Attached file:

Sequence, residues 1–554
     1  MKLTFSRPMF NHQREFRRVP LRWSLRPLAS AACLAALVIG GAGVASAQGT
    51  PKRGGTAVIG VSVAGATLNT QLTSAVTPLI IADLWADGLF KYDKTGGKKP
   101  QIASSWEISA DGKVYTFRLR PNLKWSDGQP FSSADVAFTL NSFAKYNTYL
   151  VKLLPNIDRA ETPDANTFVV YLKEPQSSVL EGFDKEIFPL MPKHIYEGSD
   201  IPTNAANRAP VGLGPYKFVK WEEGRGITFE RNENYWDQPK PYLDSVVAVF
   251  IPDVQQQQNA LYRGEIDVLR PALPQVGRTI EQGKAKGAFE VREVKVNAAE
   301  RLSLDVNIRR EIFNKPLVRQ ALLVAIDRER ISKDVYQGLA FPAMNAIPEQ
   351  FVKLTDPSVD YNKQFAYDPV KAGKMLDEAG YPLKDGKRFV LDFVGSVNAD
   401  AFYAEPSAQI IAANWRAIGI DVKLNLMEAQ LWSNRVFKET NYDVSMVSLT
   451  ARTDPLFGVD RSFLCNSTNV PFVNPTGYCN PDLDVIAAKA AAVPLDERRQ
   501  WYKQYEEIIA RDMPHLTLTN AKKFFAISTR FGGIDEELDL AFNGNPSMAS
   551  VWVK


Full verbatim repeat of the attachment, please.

Sequence, residues 1–554
     1  MKLTFSRPMF NHQREFRRVP LRWSLRPLAS AACLAALVIG GAGVASAQGT
    51  PKRGGTAVIG VSVAGATLNT QLTSAVTPLI IADLWADGLF KYDKTGGKKP
   101  QIASSWEISA DGKVYTFRLR PNLKWSDGQP FSSADVAFTL NSFAKYNTYL
   151  VKLLPNIDRA ETPDANTFVV YLKEPQSSVL EGFDKEIFPL MPKHIYEGSD
   201  IPTNAANRAP VGLGPYKFVK WEEGRGITFE RNENYWDQPK PYLDSVVAVF
   251  IPDVQQQQNA LYRGEIDVLR PALPQVGRTI EQGKAKGAFE VREVKVNAAE
   301  RLSLDVNIRR EIFNKPLVRQ ALLVAIDRER ISKDVYQGLA FPAMNAIPEQ
   351  FVKLTDPSVD YNKQFAYDPV KAGKMLDEAG YPLKDGKRFV LDFVGSVNAD
   401  AFYAEPSAQI IAANWRAIGI DVKLNLMEAQ LWSNRVFKET NYDVSMVSLT
   451  ARTDPLFGVD RSFLCNSTNV PFVNPTGYCN PDLDVIAAKA AAVPLDERRQ
   501  WYKQYEEIIA RDMPHLTLTN AKKFFAISTR FGGIDEELDL AFNGNPSMAS
   551  VWVK